Research Paper Volume 13, Issue 4 pp 5358—5368
The lymphocyte-C-reactive protein ratio as the optimal inflammation-based score in patients with hepatocellular carcinoma underwent TACE
- 1 Department of Hepatobiliary Oncology, Sun Yat-Sen University Cancer Center, State Key Laboratory of Oncology in South China, Collaborative Innovation Center for Cancer Medicine, Guangzhou 510060, China
- 2 Department of Hepatic Surgery, Fudan University Shanghai Cancer Center, Shanghai 200032, China
- 3 Department of Oncology, Shanghai Medical College, Fudan University, Shanghai 200032, China
Received: April 10, 2020 Accepted: December 16, 2020 Published: February 11, 2021https://doi.org/10.18632/aging.202468
How to Cite
Copyright: © 2021 Lu et al. This is an open access article distributed under the terms of the Creative Commons Attribution License (CC BY 3.0), which permits unrestricted use, distribution, and reproduction in any medium, provided the original author and source are credited.
The lymphocyte-C-reactive protein ratio (LCR) is a recently described inflammation-based score, and it remains unclear which is the optimal inflammation-based score among patients with hepatocellular carcinoma (HCC) who underwent transarterial chemoembolization (TACE). A large cohort of HCC patients (n=1625) who underwent TACE as the initial treatment were enrolled in the present study. Inflammation-based scores, including the Glasgow Prognostic Score (GPS), modified Glasgow Prognostic Score (mGPS), high-sensitivity modified Glasgow Prognostic Score (Hs-mGPS), neutrophil-to-lymphocyte ratio (NLR), platelet-to-lymphocyte ratio (PLR), prognostic nutritional index (PNI), systemic immune-inflammation index (SII), and LCR, were all related to the survival of HCC patients, but only the LCR score was a significant and independent predictor in multivariate analysis (hazard ratio: 1.45; 95% confidence interval: 1.27-1.65; P<0.001). Further analysis showed that the LCR score stably and consistently differentiated subgroup patients with distinct prognoses. The predictive accuracies of the LCR score (0.70, 0.68, and 0.68 for 1-, 3-, and 5-year C-index, respectively) were superior to the other inflammatory-based scores (0.60-0.64, 0.58-0.62, and 0.58-0.62 for 1-, 3-, and 5-year C-index, respectively). The LCR score was an independent prognostic indicator for HCC patients who underwent TACE, and it was superior to the other inflammation-based scores in prognostic ability.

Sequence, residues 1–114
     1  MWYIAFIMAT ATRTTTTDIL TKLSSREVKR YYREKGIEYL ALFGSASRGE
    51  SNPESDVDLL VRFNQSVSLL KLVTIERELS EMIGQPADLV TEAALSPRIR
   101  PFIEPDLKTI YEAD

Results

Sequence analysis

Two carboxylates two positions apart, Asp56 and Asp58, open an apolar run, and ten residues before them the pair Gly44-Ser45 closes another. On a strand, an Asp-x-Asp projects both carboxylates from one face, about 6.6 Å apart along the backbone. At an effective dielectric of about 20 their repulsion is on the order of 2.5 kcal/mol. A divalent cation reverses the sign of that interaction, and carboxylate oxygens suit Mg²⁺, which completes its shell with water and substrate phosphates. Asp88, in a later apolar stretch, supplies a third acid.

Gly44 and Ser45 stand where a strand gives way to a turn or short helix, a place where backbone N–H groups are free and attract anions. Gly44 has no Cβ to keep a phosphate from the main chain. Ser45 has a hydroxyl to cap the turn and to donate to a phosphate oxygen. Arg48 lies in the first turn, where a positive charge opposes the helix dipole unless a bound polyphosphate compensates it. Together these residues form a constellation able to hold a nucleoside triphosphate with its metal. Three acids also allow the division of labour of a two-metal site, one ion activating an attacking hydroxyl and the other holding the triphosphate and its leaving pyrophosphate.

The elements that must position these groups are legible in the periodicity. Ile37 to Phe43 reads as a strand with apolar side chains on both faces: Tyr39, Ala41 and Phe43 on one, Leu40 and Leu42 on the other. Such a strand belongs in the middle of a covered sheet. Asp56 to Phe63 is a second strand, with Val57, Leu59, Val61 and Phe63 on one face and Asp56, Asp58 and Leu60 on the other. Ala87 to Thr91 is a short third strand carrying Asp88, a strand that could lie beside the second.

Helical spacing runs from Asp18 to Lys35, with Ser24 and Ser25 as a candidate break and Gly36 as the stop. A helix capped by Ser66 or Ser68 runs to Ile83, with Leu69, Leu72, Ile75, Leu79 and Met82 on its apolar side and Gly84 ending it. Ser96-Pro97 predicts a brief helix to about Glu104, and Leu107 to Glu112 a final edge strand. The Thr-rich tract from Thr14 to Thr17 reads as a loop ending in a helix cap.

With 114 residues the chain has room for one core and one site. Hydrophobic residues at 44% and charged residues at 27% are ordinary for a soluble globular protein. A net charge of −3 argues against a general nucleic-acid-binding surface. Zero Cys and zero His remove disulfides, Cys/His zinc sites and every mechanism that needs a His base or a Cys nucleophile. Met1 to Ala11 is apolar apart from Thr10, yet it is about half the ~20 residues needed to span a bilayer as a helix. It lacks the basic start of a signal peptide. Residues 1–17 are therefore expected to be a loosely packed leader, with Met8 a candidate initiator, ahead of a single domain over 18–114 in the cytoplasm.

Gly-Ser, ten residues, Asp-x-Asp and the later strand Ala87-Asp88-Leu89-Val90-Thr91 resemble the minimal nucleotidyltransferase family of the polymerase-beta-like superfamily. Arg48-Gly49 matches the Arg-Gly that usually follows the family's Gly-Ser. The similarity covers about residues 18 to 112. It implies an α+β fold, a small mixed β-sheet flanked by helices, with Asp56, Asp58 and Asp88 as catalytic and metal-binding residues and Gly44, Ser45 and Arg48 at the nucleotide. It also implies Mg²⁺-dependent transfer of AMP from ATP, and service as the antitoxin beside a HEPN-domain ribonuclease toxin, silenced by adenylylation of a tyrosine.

HCC: hepatocellular carcinoma; TACE: transarterial chemoembolization; GPS: Glasgow Prognostic Score; mGPS: modified Glasgow Prognostic Score; Hs-mGPS: high-sensitivity modified Glasgow Prognostic Score; NLR: neutrophil-to-lymphocyte ratio; PLR: platelet-to-lymphocyte ratio; PNI: Prognostic nutritional index; SII score: systemic immune-inflammation index; LCR: lymphocyte-to-C-reactive protein ratio; CRP: C-reactive protein; AFP: alpha-fetoprotein; ALBI grade: albumin-bilirubin grade; BCLC stage: Barcelona Clinic Liver Cancer stage; OS: overall survival.